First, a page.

4. Analyze the three rules that have the maximum lift (you may need to order your rules) when the minimum support is set to 174. Provide a brief interpretation of these three rules and explain why all of them have the same support, confidence and lift.

5. Delete Diag_DD0046 from the data (or otherwise exclude it from the analysis). Rerun the Association Rules algorithm with a) default settings, b) minimum support set to 174, c) minimum support set to 17.

a. How many rules were created when the minimum support is 174?

b. How many rules were created when the minimum support is 17?

6. Out of the latter two runs, select the rule with the highest lift ratio. Explain the rule in words.

a. Hypothetically, if you were a doctor and a diabetic patient walks in already diagnosed with the rules antecedent diagnosis, how could the rule potentially guide your work (with all the simplifying assumptions needed to answer this question!).

7. One of the main reasons behind the interest in data-mining in health care is the hope that through intervention and prevention, one can help reduce health care costs by identifying patients early who are at risk of high health care cost. In order to use association rules to contribute to this goal, it is not enough to run association rules on the whole data set, as there is nothing that distinguishes between costly patients and not costly patients. In order to use association rules to distinguish high risk patients from low risk patients, we need to identify rules that have good support and high confidence on high cost population, but low support for the not-high-cost population. In particular, we are interested in identifying rules of the type:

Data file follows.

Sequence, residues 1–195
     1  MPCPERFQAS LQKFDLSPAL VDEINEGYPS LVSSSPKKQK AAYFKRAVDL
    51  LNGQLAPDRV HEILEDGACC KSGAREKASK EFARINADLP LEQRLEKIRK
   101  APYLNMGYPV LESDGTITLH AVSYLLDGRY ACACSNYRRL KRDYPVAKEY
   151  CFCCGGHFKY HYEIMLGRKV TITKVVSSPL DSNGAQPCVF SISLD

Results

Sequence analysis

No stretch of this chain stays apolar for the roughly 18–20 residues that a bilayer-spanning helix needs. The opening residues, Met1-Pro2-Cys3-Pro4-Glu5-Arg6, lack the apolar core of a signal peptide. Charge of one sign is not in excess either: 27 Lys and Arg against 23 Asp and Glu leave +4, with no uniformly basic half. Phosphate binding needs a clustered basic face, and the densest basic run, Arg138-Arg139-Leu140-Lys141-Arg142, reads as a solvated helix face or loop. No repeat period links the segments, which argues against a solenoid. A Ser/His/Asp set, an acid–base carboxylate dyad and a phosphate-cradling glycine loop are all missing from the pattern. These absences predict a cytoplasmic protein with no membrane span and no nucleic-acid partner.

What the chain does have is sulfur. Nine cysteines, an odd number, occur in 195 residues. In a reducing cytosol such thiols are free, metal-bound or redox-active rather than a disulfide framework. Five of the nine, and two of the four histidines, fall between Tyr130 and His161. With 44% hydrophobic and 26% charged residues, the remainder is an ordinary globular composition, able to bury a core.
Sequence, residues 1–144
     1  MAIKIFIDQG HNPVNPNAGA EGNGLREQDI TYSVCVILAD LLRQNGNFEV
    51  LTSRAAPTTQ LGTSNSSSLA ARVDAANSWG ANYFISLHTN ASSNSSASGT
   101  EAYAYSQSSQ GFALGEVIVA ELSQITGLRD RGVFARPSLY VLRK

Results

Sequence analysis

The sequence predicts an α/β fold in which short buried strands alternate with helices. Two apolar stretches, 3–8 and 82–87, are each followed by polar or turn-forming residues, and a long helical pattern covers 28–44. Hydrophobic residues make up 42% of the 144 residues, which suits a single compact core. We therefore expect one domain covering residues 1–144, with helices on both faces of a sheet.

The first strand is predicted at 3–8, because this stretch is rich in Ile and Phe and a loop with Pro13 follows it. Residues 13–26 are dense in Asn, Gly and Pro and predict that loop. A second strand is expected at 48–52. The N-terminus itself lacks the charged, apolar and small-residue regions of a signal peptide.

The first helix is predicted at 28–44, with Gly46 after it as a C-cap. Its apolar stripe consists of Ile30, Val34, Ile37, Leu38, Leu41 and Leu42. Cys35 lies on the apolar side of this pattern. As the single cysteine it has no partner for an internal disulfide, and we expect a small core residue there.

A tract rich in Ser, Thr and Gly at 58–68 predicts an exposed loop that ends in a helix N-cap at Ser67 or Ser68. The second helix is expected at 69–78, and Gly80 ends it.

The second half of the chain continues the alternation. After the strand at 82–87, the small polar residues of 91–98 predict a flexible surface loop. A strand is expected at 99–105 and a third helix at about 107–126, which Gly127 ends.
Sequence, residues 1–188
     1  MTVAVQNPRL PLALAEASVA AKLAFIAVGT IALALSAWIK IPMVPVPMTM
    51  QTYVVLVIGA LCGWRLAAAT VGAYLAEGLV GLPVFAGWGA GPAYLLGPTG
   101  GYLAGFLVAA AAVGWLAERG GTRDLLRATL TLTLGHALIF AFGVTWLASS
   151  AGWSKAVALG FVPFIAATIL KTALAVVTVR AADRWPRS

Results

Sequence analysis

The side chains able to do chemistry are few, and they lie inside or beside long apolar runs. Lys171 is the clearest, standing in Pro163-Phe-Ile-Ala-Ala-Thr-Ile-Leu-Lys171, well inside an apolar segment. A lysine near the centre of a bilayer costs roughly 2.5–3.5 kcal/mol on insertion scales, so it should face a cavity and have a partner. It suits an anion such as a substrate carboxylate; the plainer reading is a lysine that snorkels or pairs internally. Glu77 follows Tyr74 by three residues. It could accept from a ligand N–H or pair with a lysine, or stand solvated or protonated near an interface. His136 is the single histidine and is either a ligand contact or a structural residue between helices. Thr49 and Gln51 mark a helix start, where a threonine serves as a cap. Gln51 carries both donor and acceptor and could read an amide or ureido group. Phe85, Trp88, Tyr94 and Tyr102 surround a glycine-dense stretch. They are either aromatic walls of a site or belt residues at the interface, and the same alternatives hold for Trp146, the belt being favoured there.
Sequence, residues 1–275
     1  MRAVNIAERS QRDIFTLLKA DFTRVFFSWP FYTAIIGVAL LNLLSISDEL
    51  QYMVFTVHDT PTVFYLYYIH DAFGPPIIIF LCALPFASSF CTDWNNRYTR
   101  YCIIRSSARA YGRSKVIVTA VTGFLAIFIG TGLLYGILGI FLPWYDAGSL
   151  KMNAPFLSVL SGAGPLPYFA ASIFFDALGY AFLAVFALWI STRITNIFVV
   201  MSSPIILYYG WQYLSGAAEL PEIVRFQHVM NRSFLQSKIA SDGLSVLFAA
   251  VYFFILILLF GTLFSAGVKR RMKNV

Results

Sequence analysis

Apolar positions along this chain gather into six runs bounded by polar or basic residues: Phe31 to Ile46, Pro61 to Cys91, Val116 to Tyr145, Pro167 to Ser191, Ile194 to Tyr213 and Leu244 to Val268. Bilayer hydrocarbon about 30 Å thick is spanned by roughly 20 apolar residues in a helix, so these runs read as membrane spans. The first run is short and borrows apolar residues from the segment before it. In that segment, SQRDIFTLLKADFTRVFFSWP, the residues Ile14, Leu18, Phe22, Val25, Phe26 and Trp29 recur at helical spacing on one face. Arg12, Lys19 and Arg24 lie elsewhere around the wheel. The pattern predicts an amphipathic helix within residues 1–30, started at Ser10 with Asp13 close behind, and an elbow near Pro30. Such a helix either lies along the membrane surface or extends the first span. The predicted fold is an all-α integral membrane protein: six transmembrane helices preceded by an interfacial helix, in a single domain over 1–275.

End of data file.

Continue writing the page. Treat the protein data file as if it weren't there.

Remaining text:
group of diagnosis codes -> High cost in a future period

The variable TA2 contains the overall cost in the year following the observation period. Define a new variable that equals one if the overall cost is ≥ $40,000, and zero otherwise.

Run the Association Rule algorithm again using all diagnosis variables (continue to exclude the diabetes diagnosis and Diag_DD0000) and the new variable.  Set the support as low as possible (but no smaller than 15) and the keep the confidence at the default setting. Sort the resulting rules by “consequent (c)”, and identify rules of the form above.

a. What was your support setting?

b. How many rules did you identify?

8. Create an exhibit that summarizes the rules (translate the diagnosis codes into actual conditions), their support, confidence and lift.

a. Briefly discuss the main characteristics of the rules.

9. Renal Failure is in general a very expensive condition to treat, as either the patient needs to be treated with dialysis or undergo a transplant, which is a costly surgery. It is therefore not surprising that some of the rules above include Renal Failure.

a. In the population of just over 17,000, how many suffer from renal failure?

b. Out of those that suffer from renal failure, how many have high costs following the observation period?

c. Based on the above answers, why did the Association Rule Analysis not give us the rule:

Renal Failure ->High Cost ?